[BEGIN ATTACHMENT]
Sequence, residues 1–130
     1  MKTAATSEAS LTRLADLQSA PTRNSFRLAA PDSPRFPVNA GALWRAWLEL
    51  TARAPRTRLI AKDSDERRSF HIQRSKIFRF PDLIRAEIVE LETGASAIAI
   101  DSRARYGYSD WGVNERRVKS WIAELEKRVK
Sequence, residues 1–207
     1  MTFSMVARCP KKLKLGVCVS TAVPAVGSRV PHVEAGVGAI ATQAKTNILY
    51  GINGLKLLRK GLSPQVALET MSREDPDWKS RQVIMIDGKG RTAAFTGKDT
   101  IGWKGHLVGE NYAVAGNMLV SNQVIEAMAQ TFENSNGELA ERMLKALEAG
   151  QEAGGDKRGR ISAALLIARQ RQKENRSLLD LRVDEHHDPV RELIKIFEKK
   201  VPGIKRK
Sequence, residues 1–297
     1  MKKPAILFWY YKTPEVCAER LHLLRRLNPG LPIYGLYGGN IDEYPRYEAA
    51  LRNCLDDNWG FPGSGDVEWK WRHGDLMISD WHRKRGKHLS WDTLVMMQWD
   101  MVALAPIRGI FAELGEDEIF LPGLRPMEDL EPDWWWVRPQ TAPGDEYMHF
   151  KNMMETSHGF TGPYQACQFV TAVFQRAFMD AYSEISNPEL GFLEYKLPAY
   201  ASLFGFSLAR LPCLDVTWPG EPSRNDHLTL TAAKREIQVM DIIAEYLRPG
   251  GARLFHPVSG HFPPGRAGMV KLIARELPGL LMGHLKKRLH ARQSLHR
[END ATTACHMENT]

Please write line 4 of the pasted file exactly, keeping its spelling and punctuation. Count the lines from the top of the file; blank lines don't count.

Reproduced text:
   101  DSRARYGYSD WGVNERRVKS WIAELEKRVK